American Honey puts you in the shoes of Star (Sasha Lane – she's terrific), an 18-year-old woman that has joined a group of travelers. They are also young, and poor. Many of them are from nightmare families—now they travel in a group from town to town selling magazine subscriptions (no one cares about the magazines, by the way. They are selling bullshit inspirational and/or hard luck stories along with varying degrees of flirting). The kids have a manager named Jake (Shia LaBeouf) who is older but still young enough to seem like one of the crew, when that works to his advantage. He has a boss named Krystal (Riley Keough, Elvis Presley's granddaughter) — she's a little older still — who manipulates him as effective as he manipulates the kids.
Their lives would horrify many. Misfit children banded together by opportunists, hustling subscriptions and stealing, staying in cheap motels and partying their nights away. To the kids the group is their current family, offering food, a place to sleep, comfort, company, adventure, and fun. They don't romanticize it, and the filmmaker tries to show both the bright and dark sides of their lives. But it gets to you – the whole communal traveling thing is … yes, dangerous, but also appealing.
This kind of life gets tedious, too, a fact most films ignore. American Honey doesn't. It includes enough of the routine to shake off any fairy dust that may be altering your outlook.
Before we go on I should mention that American Honey is two hours and 40 minutes long. I could easily have sat for another hour, but I understand that many people will find the movie terribly boring. Some will complain that not enough happens, but I loved the way the episodic encounters with outsiders were handled. Writer-director Andrea Arnold will introduce a setup that seems destined to go a certain direction, only to take it into a different, more interesting, and more credible place. For example, Star gets mad at Jake for being dishonest (she fancies herself a truth-teller) and impulsively takes off with three aging cowboys (Will Patton, Daran Shinn and Sam Williamson). At their poolside barbeque Star starts drinking tequila while expressing amazement at the worm near the bottom of the bottle. A bet is made and … the story goes to a reasonable place for the set of characters we've met.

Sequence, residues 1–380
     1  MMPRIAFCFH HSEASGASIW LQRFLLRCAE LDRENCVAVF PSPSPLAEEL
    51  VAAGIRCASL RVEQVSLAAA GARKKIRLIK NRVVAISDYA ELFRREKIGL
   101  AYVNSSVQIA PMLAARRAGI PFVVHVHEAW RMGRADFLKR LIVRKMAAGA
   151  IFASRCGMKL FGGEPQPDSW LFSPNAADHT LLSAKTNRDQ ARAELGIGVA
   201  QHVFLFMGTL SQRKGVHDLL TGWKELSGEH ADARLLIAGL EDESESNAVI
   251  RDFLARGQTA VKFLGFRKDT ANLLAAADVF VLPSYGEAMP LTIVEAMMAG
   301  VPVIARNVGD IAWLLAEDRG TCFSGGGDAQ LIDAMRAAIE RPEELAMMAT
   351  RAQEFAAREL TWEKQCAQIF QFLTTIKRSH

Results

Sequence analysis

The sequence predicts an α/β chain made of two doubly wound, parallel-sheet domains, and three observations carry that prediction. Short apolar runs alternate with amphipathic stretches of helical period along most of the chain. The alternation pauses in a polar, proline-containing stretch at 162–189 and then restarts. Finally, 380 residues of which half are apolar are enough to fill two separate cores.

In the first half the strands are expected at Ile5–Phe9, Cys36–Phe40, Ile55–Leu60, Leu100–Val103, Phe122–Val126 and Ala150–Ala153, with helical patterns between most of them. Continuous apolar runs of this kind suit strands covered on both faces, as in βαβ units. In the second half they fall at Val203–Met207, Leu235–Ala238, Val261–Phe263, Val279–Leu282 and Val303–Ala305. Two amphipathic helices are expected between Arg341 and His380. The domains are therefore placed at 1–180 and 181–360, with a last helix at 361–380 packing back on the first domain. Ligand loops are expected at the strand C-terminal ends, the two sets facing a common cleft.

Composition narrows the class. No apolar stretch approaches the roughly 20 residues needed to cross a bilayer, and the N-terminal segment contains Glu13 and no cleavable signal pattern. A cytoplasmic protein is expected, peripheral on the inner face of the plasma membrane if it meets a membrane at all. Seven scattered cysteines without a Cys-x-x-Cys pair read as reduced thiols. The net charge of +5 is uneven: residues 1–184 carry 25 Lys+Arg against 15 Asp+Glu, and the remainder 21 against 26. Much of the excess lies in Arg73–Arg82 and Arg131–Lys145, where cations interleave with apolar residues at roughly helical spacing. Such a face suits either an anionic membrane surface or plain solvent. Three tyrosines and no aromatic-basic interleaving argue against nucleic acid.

That happens a lot in the movie and I appreciated Arnold's attempts to stay honest. Unfortunately she tends to get self-congratulatory at times, including a moment involving a wee girl wearing a Dead Kennedy's tee-shirt that is just too poignant to not feel contrived.
Bottom Line: A star is born in Sasha Lane, and you're invited to go with her into writer-director Arnold's mesmerizing (and mostly credible) tale of Dickensian life in Wal-Mart America.